[Milton-L] Renaissance music--recs?

Hannibal Hamlin hamlin.hannibal at gmail.com
Sun Apr 3 11:14:57 EDT 2011


A HUGE question, but I'll bite. Here are some particularly imaginative
recordings, of special interest to those who study Renaissance literature
and culture:

*Bara Faustus' Dream: Mr Francis Tregian his Choice*. By Les Witches. Lute
songs and instrumental music inspired (i.e., for Les Witches) by the
recusant Francis Tregian and the fabulous Unton Memorial at the National
Portrait Gallery. The concept doesn't take you very far, but it's good
music.

*My Lady Riche*. Emily van Evera and Christopher Morrongiello. Really a
brilliant album. Apart from having great music (Dowland, Byrd, Coprario and
others), it's like a musico-cultural biography of Penelope Devereux. Full of
surprises.

*Celestiall Witchcraft: The Private Music of Henry and Charles, Princes of
Wales*. Fretwork. Great early 17th c. music from this court within the
court. Of both musical and historical interest.

*1605: Treason & Discord: William Byrd and the Gunpowder P**lot*. The Kings'
Singers. Slightly weird but intriguing gathering of materials around the
Plot. The actual historical connections between music and event are slim to
none, but there's some fabuluous music here, especially by Byrd (of course a
recusant). His Mass for 4 his Civitas sancti especially (the latter one of
the very greatest of Renaissance motets).
The King's Singers Renaissance recordings are all worth having, at least the
more recent ones. The group that's been active for the last decade or so is
one of the best vocal ensembles ever. They have a recording of *The Triumphs
of Oriana* (tedious to listen to all through, but an important collection),
*The English Renaissance* (Tallis and Byrd), and more.

Buy anything by the Huelgas Ensemble -- they're brilliant and also
imaginative in their programming. For early Tudor music, the Sixteen have
recorded everything in the Eton Choirbooks. The Tallis Scholars are solid
and reliable, if a little uninspired sometimes. The Hilliard Ensemble did
some great recordings (Dunstable, Byrd, Josquin) back in the 80s, but I
don't know how many are still available. I wouldn't stretch back too far,
since the quality of early music performance has improved significantly over
the decades. The Deller Consort has a quaint historical interest, for
example, but they're painful to listen to now. The one exception I'd make is
David Munrow, whose ensemble made some fabulous and ground-breaking
recordings quite a ways back -- boxed sets of The Music of the Netherlands,
Early Instruments, and another of Machaut and Dufay. There's loads and loads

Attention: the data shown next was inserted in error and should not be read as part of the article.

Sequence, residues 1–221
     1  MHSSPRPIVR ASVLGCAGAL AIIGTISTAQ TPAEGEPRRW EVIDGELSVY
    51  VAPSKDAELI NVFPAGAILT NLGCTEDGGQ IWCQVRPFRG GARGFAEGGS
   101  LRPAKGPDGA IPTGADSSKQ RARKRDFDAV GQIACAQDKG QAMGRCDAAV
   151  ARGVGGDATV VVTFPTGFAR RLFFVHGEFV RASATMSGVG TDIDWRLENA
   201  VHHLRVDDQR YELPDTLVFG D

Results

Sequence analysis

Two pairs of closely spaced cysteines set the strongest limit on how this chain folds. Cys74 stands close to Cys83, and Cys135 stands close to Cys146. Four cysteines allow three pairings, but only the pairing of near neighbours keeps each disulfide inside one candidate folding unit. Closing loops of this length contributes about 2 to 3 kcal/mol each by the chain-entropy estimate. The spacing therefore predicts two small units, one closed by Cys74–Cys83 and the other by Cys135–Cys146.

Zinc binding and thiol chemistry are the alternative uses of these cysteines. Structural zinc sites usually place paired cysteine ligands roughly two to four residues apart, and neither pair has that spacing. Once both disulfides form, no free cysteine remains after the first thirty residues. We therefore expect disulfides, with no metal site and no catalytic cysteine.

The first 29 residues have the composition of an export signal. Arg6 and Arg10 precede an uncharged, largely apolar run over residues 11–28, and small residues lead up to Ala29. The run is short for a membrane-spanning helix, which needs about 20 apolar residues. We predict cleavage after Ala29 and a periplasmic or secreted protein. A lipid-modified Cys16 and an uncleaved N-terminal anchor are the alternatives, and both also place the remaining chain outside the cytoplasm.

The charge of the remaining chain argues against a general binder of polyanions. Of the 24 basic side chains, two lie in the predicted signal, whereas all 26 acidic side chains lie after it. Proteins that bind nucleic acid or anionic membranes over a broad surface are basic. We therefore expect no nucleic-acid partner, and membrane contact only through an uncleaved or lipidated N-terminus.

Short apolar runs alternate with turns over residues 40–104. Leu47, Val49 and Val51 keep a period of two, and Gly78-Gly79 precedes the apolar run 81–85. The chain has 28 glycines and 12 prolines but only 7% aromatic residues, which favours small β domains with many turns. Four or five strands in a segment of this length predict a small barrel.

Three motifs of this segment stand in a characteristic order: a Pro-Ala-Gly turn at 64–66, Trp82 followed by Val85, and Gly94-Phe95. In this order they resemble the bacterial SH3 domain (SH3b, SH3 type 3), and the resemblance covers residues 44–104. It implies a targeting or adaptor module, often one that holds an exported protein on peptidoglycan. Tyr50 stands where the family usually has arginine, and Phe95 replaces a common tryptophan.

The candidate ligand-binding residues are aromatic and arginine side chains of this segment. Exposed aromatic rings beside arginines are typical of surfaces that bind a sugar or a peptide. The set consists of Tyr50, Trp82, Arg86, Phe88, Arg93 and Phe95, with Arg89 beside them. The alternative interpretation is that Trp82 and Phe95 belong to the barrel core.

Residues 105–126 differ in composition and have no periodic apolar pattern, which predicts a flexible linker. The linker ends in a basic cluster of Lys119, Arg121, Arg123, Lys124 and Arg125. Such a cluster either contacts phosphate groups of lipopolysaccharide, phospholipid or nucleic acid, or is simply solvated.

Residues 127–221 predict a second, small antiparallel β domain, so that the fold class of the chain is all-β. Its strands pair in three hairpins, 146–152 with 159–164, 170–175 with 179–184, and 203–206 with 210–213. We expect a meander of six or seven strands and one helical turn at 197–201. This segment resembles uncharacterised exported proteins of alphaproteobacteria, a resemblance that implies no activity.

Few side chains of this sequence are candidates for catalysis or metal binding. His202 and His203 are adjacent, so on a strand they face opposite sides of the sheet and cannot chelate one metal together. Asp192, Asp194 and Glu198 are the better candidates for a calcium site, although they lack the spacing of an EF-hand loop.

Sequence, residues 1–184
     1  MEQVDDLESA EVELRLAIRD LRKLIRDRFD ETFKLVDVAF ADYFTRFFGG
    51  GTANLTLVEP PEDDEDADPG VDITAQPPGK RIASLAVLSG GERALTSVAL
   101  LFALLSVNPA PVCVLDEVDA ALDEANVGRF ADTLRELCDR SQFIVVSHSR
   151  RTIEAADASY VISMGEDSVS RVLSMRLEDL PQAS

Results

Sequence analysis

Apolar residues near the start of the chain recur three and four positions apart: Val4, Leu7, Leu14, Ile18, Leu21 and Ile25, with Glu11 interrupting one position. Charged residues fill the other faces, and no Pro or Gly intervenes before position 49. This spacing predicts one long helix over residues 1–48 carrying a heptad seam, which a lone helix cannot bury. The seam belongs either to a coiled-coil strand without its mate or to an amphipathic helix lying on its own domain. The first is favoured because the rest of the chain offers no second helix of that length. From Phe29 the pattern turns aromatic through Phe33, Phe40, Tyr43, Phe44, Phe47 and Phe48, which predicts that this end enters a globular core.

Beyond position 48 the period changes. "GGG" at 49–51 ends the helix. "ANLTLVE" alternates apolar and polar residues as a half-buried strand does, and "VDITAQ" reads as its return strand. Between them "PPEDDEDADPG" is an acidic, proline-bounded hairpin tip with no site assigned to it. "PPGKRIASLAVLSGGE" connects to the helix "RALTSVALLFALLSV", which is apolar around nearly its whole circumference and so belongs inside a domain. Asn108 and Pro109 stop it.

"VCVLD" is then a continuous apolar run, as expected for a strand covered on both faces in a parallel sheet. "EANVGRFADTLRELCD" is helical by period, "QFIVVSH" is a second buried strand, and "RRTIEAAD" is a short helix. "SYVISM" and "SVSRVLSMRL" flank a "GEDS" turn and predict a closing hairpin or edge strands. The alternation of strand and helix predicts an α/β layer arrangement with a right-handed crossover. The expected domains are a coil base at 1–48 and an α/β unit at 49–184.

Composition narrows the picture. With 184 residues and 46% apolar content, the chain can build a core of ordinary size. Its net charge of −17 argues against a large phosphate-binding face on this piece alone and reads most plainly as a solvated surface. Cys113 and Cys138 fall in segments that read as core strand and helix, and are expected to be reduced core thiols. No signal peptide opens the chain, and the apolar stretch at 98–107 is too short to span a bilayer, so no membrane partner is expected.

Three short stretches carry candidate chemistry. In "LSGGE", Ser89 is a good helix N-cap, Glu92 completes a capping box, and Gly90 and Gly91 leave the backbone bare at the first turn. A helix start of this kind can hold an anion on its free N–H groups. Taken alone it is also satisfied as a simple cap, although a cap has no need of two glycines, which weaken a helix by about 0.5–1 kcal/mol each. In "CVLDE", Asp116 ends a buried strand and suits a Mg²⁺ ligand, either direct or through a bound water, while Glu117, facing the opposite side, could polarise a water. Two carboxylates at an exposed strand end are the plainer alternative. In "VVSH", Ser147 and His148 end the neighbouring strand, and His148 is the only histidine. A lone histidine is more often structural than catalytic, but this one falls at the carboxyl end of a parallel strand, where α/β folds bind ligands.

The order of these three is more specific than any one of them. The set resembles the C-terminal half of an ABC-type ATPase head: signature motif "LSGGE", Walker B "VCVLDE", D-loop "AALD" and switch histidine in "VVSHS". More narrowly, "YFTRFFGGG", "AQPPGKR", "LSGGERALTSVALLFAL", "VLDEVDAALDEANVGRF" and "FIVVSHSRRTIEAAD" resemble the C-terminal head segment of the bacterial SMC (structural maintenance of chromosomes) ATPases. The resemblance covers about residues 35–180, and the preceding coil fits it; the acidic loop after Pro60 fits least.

of other ensemble music, especially sacred. The Orlando Consort are very
good, The Byrd Edition by The Cardinal's Music is superb, and Byrd is really
the greatest composer of the English Renaissance, and one of the greatest
period -- despite the fact that Anthony Tommasini didn't include him in his
silly NYT list! New York's Lionheart also has an excellent recording of
Tudor music: *My Fayre Ladye*. Many of the church and college choirs also do
excellent recordings: Winchester Cathedral, King's College, St. John's
College, St. Paul's, etc.

There are tons of lute song recordings. The best countertenor going is the
German Andreas Scholl, who is in a class by himself. Others who've done
Dowland, Campion, et al well are Rufus Mueller, Ian Partridge, and Emma
Kirkby (a very limited singer, despite having dominated the early music
scene in its early days, but she does lute songs well).

There are some interesting recordings of Renaissance popular music: *How the
World Wags: Social Music for a Seventeenth Century Englishman*, by The City
Waites, and *Johnny, Cock Thy Beaver*, by The Dufay Collective.
Cheers,

Hannibal


On Sun, Apr 3, 2011 at 10:19 AM, Zackariah Long <zclong at owu.edu> wrote:

> Hi, there, fellow Miltonists,
>
> This is slightly tangential to the purpose of this list, but if pressed I
> suppose I could say I was working on "At a Solemn Music" or was interested
> in Milton's father:
>
> Recently I have become interested in listening to Renaissance music and was
> wondering if anyone had recommendations of nice places to start in the way
> of CDs or boxed sets. I started where I am most comfortable, with
> Shakespeare and Elizabethan music--of which there seems to be an abundance
> of easily available collections--but would be interested in ranging further
> abroad within the England or on the Continent. Any favorite sets or
> sites/labels to check out?
>
> With much appreciation,
> Zack
>
> --
> Zackariah Long
> Assistant Professor of English
> 211 Sturges Hall
> Department of English
> Ohio Wesleyan University
> 61 S. Sandusky St.
> Delaware, OH 43015
> Office phone: (740) 368-3596
> zclong at owu.edu
>
>
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>



-- 
Hannibal Hamlin
Associate Professor of English
Editor, Reformation
Organizer, The King James Bible and its Cultural Afterlife
http://kingjamesbible.osu.edu/
The Ohio State University
164 West 17th Ave., 421 Denney Hall
Columbus, OH 43210-1340
hamlin.22 at osu.edu/
hamlin.hannibal at gmail.com
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